Wednesday, July 21, 2004

Groovin' to the Oldies

Tom was in Houston this weekend so the girls and I took the opportunity to have our own Numb-Butt-A-Thon (a la Ain't It Cool). Hey, its Texas in late July ... we're gonna stay inside anyway. Surprisingly, everything we chose to try was old. I'm assuming most everyone knows the premise for all these; if not, check the link for a basic description.

Watching "groovy Jesus" in The Gospel of John, made me think of "Godspell", the original groovy Jesus movie. I saw part of this musical based on the Gospel of Matthew when I was in high school on late night TV and figured it probably didn't age well with the "flower children" disciples and music dating it beyond belief. Then the girls discovered that Jesus was portrayed by Victor Garber, the much admired "coolest old guy on TV" as Jack Bristow in Alias. Now we had to see it. I figured that it only would take half an hour before they gave up were laughing hysterically and quit watching. Not so. We watched it twice because we all liked it so much.

It is dated, but when you get past that to the basic show, "Godspell" is a wonderful entertainment. First, and most often mentioned by everyone, is the amazing location photography. You have to see it to appreciate it. Next is the music which is really good, a little 70's musical style but that's no big deal. Best of all was the joyfulness and exuberance which gets lost in way too many religious movies. Young Victor Garber showed that he was a great actor even 30 years ago. The second viewing made it easier to get "Jack Bristow" out of our heads, although Rose delighted in pointing out the same sensitive expressions she's seen on Alias ("Sydney, I'm sorry about involving you in Project Christmas. I was trying to protect you..."). This was the surprise movie favorite of the weekend.

I like Tim Burton's movies but never was interested in seeing this one. I really had a hard time watching it because I was filled with such pity for Edward the entire time. Not only was he stuck with those scissorhands but it was all too clear where the story was going. The story was really one dimensional with a sad ending that did nothing to redeem it ... and no one really learned much. Oh, Edward and Kim both learned what it is to love and lose but it was handled so superficially that there seemed to be no point to it. Rose liked it better than I did but agreed it seemed unredeemably sad.

It was interesting to watch as an early Tim Burton movie, though. I could see elements that he used in Beetlejuice, The Nightmare Before Christmas, and Big Fish. Any of those movies were better and more complete than this one, though. Johnny Depp was excellent, as were the rest of the cast, but that wasn't any surprise. Certainly it was not worth the agony that it was for me to sit through this movie.

I always heard this was a great series but we don't have cable (yes, our house is in the Stone Ages). We rented the first two DVD's from the first season and set out to see if Nikita can hold a candle to Alias' Sydney Bristow. Pffft! Of course not!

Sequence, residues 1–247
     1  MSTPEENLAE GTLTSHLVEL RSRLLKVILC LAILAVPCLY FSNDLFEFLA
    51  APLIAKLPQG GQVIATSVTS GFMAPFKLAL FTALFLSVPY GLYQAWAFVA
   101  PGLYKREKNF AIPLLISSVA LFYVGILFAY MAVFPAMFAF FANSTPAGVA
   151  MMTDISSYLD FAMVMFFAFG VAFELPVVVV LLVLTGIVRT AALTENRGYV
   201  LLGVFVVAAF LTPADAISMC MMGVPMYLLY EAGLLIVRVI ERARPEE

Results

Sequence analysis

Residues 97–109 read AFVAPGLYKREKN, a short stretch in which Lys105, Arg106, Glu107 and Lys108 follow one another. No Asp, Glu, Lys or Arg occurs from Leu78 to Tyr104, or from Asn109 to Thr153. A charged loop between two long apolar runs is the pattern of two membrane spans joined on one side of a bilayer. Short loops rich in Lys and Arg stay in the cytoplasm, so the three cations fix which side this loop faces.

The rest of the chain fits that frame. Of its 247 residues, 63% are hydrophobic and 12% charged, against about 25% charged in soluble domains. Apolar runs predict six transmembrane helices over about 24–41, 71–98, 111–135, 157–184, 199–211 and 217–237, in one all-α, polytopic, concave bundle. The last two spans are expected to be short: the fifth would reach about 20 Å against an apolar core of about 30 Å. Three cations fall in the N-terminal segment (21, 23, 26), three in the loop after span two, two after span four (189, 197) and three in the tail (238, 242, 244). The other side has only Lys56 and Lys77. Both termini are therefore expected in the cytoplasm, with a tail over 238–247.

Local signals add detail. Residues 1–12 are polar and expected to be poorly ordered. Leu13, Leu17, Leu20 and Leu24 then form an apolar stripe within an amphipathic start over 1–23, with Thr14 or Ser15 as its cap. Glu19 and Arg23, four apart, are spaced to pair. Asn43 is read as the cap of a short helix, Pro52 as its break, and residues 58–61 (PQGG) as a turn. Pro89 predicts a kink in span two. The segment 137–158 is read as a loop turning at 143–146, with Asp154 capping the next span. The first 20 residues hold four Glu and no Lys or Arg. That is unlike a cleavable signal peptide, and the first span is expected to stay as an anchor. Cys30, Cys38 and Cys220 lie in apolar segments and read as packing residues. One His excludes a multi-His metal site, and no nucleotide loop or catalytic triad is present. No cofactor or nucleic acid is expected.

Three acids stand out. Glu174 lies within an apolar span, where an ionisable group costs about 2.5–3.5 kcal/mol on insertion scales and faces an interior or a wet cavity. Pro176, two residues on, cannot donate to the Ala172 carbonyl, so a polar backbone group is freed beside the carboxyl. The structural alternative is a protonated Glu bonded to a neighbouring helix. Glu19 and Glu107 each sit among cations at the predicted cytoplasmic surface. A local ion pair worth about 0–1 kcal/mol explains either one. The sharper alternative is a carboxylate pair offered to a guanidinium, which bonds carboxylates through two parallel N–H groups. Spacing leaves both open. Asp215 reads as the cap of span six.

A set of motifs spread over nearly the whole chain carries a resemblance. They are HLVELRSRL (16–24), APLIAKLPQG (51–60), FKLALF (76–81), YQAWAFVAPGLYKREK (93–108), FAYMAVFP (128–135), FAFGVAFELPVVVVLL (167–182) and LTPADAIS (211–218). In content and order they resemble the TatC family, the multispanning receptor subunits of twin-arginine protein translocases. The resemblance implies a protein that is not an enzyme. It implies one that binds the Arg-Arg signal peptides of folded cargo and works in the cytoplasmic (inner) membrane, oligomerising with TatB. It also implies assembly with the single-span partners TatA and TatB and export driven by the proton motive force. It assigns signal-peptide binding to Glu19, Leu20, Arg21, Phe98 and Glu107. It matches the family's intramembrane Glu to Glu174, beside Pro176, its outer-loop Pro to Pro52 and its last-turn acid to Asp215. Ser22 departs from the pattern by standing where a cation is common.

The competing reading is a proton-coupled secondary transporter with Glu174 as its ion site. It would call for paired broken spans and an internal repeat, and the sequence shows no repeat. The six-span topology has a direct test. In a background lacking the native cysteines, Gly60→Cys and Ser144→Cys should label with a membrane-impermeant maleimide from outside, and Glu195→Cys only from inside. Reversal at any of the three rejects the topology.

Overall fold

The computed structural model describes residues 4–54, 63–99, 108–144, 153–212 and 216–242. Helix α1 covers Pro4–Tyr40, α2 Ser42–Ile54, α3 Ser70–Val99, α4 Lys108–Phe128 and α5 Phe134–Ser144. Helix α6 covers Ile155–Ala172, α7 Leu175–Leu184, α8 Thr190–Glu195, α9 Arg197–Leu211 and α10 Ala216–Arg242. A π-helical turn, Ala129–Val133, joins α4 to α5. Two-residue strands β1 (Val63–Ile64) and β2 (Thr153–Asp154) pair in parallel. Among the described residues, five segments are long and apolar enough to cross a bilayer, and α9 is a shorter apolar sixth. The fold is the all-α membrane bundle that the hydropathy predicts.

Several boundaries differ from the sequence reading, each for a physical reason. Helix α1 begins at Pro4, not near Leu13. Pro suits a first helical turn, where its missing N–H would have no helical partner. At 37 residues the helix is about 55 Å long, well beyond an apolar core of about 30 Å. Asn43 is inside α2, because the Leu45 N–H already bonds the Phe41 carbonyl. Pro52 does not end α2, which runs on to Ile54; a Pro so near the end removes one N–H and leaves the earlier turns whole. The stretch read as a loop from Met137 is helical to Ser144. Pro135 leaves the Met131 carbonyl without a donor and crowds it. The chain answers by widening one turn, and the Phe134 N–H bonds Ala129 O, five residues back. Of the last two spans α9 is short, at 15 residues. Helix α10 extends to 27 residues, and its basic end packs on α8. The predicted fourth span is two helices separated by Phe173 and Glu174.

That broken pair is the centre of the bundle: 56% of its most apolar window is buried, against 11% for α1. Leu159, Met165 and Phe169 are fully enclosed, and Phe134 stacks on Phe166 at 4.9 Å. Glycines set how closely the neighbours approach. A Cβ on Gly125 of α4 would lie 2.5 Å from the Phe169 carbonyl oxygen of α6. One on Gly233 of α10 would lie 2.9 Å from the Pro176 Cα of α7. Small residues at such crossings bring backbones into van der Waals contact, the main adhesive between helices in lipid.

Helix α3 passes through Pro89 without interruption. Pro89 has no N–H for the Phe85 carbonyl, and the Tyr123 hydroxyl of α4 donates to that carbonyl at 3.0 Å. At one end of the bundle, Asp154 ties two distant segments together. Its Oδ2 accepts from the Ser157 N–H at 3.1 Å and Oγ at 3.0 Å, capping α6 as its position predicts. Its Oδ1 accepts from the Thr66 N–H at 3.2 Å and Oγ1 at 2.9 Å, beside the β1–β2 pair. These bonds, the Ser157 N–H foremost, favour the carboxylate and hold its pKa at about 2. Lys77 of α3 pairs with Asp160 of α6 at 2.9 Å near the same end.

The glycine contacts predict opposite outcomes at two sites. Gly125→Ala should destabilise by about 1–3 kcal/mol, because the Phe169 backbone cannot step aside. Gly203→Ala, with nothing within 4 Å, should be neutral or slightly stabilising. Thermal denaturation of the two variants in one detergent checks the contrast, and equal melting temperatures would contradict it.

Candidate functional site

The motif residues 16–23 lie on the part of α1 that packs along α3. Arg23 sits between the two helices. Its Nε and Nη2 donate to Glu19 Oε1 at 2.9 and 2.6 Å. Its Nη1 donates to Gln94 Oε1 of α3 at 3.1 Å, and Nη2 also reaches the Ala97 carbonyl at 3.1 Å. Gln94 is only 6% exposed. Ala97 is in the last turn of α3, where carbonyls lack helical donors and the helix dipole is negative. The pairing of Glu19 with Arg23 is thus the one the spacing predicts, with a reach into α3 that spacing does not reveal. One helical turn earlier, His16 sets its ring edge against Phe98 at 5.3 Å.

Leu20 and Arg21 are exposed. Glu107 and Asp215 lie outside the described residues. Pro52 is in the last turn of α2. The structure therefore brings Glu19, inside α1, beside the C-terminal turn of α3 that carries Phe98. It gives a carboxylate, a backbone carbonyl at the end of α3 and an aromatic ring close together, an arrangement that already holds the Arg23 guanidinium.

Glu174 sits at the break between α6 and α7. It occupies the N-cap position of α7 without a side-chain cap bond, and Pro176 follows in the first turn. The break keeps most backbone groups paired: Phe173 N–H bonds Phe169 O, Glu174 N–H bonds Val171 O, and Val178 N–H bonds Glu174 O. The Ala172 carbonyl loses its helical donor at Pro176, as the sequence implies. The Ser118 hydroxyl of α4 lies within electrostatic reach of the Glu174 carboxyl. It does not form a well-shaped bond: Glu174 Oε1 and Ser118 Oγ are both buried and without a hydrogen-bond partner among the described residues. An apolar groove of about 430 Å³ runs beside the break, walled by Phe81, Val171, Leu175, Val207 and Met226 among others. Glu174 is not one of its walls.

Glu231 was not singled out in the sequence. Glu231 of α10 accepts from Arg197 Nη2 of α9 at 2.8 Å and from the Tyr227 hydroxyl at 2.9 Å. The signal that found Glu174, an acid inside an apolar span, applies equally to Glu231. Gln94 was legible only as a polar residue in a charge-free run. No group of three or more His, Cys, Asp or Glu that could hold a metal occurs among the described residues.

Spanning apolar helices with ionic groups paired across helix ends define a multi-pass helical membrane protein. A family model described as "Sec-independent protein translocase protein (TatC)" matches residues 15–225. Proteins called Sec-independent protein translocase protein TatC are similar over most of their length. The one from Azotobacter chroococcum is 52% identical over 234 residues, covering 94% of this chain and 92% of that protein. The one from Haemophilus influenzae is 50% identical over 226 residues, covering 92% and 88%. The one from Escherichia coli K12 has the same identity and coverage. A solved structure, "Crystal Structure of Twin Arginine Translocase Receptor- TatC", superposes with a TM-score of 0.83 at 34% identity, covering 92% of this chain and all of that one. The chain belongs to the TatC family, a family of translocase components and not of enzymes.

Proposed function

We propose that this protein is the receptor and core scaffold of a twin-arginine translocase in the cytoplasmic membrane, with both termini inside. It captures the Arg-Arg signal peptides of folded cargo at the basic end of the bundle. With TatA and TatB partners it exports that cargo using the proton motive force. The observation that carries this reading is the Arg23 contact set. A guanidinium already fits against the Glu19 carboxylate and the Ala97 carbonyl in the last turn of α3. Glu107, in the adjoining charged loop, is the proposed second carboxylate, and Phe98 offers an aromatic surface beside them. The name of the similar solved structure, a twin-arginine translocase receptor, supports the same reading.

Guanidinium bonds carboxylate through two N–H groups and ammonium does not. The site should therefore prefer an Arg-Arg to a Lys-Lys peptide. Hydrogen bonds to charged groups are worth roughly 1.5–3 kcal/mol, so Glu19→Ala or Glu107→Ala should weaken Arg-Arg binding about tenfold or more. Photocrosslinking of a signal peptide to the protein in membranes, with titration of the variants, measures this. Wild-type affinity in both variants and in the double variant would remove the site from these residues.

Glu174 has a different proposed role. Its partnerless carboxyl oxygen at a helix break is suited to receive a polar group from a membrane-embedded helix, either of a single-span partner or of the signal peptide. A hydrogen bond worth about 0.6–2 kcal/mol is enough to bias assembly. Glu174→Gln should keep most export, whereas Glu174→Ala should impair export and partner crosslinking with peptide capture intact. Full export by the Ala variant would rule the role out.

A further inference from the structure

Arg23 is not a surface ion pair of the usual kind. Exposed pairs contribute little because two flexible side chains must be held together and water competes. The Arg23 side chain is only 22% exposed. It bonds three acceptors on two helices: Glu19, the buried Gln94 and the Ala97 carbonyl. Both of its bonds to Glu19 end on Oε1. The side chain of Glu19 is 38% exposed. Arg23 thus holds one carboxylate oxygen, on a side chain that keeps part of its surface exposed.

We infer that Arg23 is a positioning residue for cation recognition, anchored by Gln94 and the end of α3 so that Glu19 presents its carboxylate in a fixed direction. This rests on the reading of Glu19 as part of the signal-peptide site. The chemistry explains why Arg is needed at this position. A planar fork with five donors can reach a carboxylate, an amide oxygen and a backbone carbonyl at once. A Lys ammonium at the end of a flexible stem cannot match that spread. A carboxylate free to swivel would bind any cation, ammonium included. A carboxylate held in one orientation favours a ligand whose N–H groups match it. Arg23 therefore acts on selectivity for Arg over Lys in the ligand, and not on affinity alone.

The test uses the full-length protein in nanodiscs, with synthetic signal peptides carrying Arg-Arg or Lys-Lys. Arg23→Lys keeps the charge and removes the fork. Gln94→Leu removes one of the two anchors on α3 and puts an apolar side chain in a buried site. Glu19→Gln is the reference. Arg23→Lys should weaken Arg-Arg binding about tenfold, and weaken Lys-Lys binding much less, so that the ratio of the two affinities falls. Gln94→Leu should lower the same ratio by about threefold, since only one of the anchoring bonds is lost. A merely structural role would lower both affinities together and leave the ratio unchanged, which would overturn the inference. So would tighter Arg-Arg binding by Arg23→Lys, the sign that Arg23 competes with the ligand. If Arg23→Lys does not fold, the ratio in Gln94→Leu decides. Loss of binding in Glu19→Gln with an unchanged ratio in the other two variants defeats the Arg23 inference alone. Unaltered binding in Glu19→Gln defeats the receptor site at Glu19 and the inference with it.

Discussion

However, "La Femme Nikita" does have a charm of its own. It is much more of a "typical" TV show with each plot ending within each show however it shows a little more reality than Alias. I liked the fact that Nikita had a run in her stocking halfway through her first shootout ... that her hand shook so much on her first few times to try to kill someone ... that her across the hall neighbor is astute enough to notice that Nikita has to take off each time she answers the phone. Also, the level of angst is handled a little more quietly, with Nikita having wet eyes rather than being as dramatic as Sydney over her problems. I was relieved to see that, although it was created for cable, there wasn't an extreme level or sex or violence. In fact, it was tamer than many regular network thrillers. We also kept reminding each other that this series is from 1997 and probably influenced Alias creator J.J. Abrams. We liked it enough to watch 6 in a row (numb butts for sure!) and definitely will keep renting and watching Nikita's adventures.

Actually, we watched "The Magnificent Seven" a couple of weeks ago so we rented "The Seven Samurai" to see how close the two movies were to each other. Unfortunately, the DVD was so scratched that we didn't get very far into it before it would freeze up. So we will watch it another weekend when Tom can see it with us. However, just a word about "The Magnificent Seven". I had forgotten what a really great, classic movie this is. Westerns just don't get much better than this. How can you not love watching something that has the Magnificent Four in it? Of course, I'm talking about Yul Brynner, Steve McQueen, Charles Bronson, and James Coburn. Oh, right, there were other magnificent actors but that's not the kind of magnificence I'm talking about ...

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